What can we do to produce the best schools?

The teacher shortage in the USA is linked to the way I feel when I turn the calendar to ‘August’ each year. Despite the pride I feel in my work, and the enjoyment I derive from so many aspects of it, I still experience waves of anxiety and stress at the thought of the upcoming school year. Most teachers are already working long days at this point in the summer, preparing curriculum, preparing materials, trying to get a head start on meeting what we all know will be extraordinary student need.

Teachers all across America feel the same way I do. Some of them are not returning to the teaching profession this year.They’ve had enough and have resigned in the name of personal mental and physical health. Some, early enough in their careers, have turned to the law, or policy, or administration.Teacher stress is at the root of our teacher shortage.

When people read about teachers who feel overwhelmed, many jest, citing long vacations and short school days.These people have never walked in the shoes of a public school teacher in America – not in wealthy suburban schools, not in struggling rural schools, and certainly not in the huge number of schools in the country whose children are underfed, under-housed, and under-parented. Like the folktales of men who didn’t realize the work associated with home making until they walked in the shoes of their wives, so those who discount tales of teacher stress have no idea what they are talking about.

Teachers are overwhelmed – by quantities of work no one could complete well even in a twelve hour day – they are leaving the profession – and fewer young people are choosing to go into the field. Our schools risk being staffed by untrained, unqualified teachers. What’s to be done? After all, an under-educated populace is the enemy of democracy.

If we want to make teaching a desirable profession again we’re going to have to invest in it. Young women these days have their pick of professions. They’re no longer choosing teaching just because it’s one of the only fields open to them. Talented young men and women can choose the law, business, medicine, or banking. If we want to attract young people to the field of teaching the conditions must approach those of the other professions.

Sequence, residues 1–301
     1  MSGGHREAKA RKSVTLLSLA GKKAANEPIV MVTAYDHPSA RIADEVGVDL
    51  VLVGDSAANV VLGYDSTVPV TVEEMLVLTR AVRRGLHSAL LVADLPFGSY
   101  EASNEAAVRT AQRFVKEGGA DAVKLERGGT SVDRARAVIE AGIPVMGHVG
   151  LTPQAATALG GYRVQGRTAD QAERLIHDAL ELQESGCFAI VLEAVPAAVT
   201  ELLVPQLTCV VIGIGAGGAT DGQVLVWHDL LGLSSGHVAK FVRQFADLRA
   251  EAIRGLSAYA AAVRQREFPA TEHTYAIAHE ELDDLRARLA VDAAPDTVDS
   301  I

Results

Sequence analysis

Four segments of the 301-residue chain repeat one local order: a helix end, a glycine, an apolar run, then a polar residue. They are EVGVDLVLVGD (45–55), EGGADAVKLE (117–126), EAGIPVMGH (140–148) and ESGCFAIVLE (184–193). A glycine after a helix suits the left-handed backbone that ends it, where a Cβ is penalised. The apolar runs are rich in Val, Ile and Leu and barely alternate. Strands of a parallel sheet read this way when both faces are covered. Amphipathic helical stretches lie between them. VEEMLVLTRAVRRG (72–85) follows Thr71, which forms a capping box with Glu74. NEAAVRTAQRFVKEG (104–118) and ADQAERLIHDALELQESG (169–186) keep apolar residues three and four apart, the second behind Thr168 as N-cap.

Retention and recruitment of teachers demands this: a reasonable teaching load, with ample paid time for planning, assessing, and professional development; respect from the culture for those who enter teaching; a salary that can support a family without the need for side jobs; a voice in decisions impacting their work in the school.

The data is clear. Countries that invest in teachers both financially and in terms of working conditions have the best school systems. We need to turn our approach around. Otherwise, when August 1st rolls around each year, and the hiring window begins to close, we can expect our principals to be panicking because of unfilled jobs and our children to be preparing for a raw deal.

Kathreen Harrison

About Kathreen Harrison

Kathreen Harrison is a public school teacher in Maine. She has a master’s degree from Bank Street College of Education and a bachelor’s degree from Harvard College. She has worked in a variety of schools in New York and Maine in a number of capacities – French teacher, gifted and talented teacher, elementary school teacher, and curriculum coordinator for island schools. She has lived in Maine for 20 years and has a particular interest in school reform.